Jeff Rose @ Life Insurance by Jeff writes Guaranteed Acceptance Life Insurance – How Does it Work? – For those who cannot get approved for a basic term life policy, guaranteed acceptance life insurance is the solution to their problem.

Sean @ One Smart Dollar writes How is My Credit Limit Determined? – Understanding how your credit line is determined can be a great way to start understanding your finances.

Aaron @ Aaron Hung.com writes How to be extraordinary – Have you ever stopped and wonder how people like Mozart, Shakespeare, DaVinci and even Jordan became such an influence in our everyday lives? How is it that they became so creative and talented that it seems almost impossible for anyone to try to be like them?

JB @ My University Money writes Are Banks Really In It For You? – Learn from my mistakes and never assume the banks are in it for you. They aren’t, in fact they make a killing off you so don’t make it easy on them whenever they try to push a product on you.

Young @ Young And Thrifty writes RRSP vs RESP Accounts – There are obviously numerous aspects of each person’s financial situation that will come into play when looking at whether a RRSP or an RESP contribution is right for them.

Khaleef Crumbley @ Faithful With A Few writes 4 Reasons Why I Will Not File For Bankruptcy – To file for bankruptcy is not an easy decision. Even though it has become more common, here are 4 reasons why I will never do it!

Kim @ Money and Risk writes How to Get a Hot New IPO and Why You Did Not Get One – Ever wonder how you can get shares of a hot IPO – initial stock offering? Here’s the scoop.

Lance @ Money Life & More writes How I Paid for My Hobby – Hobbies are a lot of fun, but there is one thing that prohibits many from taking part in their favorite hobby as much as they would like to. Cost. Hobbies, while fun, can be expensive. In this post I describe how I paid for my hobby.

Echo @ Boomer & Echo writes How Young Adults Can Still Thrive Financially – It’s hard to see the silver lining for today’s youth, but luckily there are still plenty of opportunities for young adults to thrive financially.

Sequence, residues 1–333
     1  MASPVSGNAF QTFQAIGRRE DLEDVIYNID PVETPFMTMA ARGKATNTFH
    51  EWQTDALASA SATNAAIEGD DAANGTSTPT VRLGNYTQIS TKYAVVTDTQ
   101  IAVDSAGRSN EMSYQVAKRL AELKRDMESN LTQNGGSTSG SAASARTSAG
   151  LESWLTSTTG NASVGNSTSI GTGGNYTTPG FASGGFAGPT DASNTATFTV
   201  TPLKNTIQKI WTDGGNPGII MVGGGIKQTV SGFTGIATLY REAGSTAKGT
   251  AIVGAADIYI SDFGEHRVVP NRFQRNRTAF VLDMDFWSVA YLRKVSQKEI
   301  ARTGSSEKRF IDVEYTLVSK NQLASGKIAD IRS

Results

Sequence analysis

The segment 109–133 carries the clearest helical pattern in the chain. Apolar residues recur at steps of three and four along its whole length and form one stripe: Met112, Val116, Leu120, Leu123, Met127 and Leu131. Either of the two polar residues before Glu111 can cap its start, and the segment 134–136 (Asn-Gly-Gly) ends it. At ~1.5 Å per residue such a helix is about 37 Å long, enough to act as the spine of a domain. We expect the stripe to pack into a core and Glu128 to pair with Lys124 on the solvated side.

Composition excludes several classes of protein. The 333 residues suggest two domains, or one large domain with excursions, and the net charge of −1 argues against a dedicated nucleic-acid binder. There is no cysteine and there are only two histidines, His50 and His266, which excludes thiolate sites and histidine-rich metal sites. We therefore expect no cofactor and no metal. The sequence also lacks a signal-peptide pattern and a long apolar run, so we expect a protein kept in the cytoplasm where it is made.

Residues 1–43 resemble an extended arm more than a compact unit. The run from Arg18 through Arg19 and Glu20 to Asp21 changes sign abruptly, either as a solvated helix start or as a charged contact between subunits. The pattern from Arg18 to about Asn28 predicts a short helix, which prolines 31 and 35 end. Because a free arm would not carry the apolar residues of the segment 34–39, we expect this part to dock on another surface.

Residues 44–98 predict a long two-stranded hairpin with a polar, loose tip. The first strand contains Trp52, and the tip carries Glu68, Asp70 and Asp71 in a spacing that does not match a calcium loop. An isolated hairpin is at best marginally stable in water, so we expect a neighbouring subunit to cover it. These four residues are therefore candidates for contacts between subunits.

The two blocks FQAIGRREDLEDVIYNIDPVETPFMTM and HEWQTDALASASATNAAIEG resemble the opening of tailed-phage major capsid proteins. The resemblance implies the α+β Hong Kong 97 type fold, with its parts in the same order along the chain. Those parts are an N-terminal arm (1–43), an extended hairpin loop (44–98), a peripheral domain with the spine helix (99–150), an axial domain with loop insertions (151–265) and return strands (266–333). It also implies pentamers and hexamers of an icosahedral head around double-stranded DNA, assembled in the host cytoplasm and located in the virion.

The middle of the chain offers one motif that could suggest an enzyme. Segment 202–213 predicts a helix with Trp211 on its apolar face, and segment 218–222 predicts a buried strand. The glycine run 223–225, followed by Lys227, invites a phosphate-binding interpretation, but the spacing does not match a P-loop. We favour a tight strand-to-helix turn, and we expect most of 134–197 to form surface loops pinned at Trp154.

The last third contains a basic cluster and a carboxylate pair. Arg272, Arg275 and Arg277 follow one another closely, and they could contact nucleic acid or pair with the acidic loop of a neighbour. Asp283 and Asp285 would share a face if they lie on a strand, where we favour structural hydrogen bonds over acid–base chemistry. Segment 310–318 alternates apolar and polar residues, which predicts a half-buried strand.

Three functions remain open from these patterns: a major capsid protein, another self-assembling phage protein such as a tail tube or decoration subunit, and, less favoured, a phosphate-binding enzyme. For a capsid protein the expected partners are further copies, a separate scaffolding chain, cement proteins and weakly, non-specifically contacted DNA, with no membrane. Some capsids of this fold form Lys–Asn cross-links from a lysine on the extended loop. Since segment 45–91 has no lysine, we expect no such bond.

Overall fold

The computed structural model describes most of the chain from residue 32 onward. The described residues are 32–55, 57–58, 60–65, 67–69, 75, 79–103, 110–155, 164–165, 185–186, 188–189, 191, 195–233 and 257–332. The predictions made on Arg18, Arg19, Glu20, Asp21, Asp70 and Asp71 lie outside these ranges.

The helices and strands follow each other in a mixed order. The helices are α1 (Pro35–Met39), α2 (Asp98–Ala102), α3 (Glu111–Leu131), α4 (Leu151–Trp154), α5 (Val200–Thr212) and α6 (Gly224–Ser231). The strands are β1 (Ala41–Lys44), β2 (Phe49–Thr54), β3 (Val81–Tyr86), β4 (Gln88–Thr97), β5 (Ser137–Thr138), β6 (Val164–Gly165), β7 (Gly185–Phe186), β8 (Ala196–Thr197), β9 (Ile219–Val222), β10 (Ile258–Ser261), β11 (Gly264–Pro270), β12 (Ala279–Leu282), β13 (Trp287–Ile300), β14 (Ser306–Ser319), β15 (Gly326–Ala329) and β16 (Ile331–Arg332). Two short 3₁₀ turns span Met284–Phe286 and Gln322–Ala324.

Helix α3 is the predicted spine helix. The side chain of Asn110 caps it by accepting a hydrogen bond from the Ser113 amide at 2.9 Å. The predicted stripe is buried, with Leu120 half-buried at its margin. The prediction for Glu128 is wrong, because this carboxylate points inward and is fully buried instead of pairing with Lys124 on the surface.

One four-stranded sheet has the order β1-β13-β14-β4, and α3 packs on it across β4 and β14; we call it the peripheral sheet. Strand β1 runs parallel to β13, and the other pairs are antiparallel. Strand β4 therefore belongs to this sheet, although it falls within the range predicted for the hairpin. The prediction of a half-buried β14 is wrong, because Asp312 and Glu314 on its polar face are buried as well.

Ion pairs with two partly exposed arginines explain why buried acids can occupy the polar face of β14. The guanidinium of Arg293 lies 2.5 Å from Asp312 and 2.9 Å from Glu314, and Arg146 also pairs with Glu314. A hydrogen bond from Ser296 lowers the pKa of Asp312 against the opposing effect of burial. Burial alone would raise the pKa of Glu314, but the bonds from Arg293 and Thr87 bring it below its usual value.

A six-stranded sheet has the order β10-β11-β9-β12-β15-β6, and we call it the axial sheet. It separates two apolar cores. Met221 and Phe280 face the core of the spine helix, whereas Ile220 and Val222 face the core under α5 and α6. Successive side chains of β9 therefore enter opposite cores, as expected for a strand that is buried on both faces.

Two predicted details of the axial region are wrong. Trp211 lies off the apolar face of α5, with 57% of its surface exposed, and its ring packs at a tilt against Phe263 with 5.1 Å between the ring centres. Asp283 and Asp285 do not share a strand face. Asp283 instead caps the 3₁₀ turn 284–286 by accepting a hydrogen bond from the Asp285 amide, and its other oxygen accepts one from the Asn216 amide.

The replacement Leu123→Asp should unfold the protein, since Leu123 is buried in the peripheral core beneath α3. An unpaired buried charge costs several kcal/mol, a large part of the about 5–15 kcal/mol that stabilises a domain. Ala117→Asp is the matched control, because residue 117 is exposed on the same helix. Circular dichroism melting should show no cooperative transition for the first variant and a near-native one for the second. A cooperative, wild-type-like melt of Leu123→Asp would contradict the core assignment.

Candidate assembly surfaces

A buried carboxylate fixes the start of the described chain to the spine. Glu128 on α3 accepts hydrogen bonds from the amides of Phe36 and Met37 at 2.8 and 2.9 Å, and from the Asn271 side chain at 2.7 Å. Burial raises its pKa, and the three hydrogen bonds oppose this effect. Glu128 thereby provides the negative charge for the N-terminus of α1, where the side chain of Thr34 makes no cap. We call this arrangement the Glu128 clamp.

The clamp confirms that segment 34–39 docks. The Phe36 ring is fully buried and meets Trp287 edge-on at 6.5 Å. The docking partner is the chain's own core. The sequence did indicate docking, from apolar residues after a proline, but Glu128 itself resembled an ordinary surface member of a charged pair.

SB @ One Cent at a Time writes How to shop at Garage Sales – A Guide to Garage Sale Shopping – A shoppers guide to garage sales. What to buy, what not to buy and tips for a successful treasure hunt at a garage sale is included in this post.

Oh Noes! The Facebook IPO!

Posted May 18th, 2012 in Investing by Jeremy Waller

Today is the big day. The day that Facebook goes public and makes Mark Zukerberg the 29th richest person in the world.

It’s unreal how much hype is surrounding this IPO. I don’t know if it’s because it’s one of the biggest IPOs in history or if its simply because it’s Facebook.

I’m sure there’s no shortage of people that will be doing everything they can to grab a piece of the action as soon as the opening bell rings.

I think those people are fools.

Facebook is incredibly overpriced at $38 – the price it is set to start trading. (Though there’s no way you could actually buy it at that price today. FB it going to pop like you wouldn’t believe today.)

At $38, Facebook will trade at 65 times projected earnings for 2012. 65x is nuts!

Google is currently trading at 15x projected earnings for 2012 and Apple is currently trading at 13x.

Oh, but I’m buying Facebook on future earnings. I’m getting in at the bottom!

Oh you are?

Are we looking at the same data here?

Well, we probably are – you just don’t care.

Let’s be realistic here folks. Everyone buying Facebook today is doing so on pure speculation.

The fundamentals simply do not support the pricing of the IPO.

But, people simply don’t care.

They look at Google’s IPO in 2004 with was priced at $85, immediately rose above $100 and continued to climb to $400 in less than 1 year.

There’s a very significant difference in the IPOs though. Google was priced cheaper compared to earnings and Google had more than double the revenue growth in the quarter before its IPO than FB has.

Even if Facebook can achieve 50% earnings growth year-over-year, $38 will still be 40x earnings.

Ding! Ding! Ding!

There goes the opening bell.

Grab you bucket of popcorn and get ready to see an opening pop like you’ve never seen before!

 

Top Personal Finance Posts Of The Week – Big Fat J.P. Morgan Losses Edition

Posted May 13th, 2012 in Blog Carnival by Jeremy Waller

Last week JP Morgan Chase announced it was sitting on at least $2.3 billion in paper losses stemming from trading naked credit default swaps. These high risk derivatives are analogous to buying insurance on a house you don’t own – doesn’t make a whole lot of sense.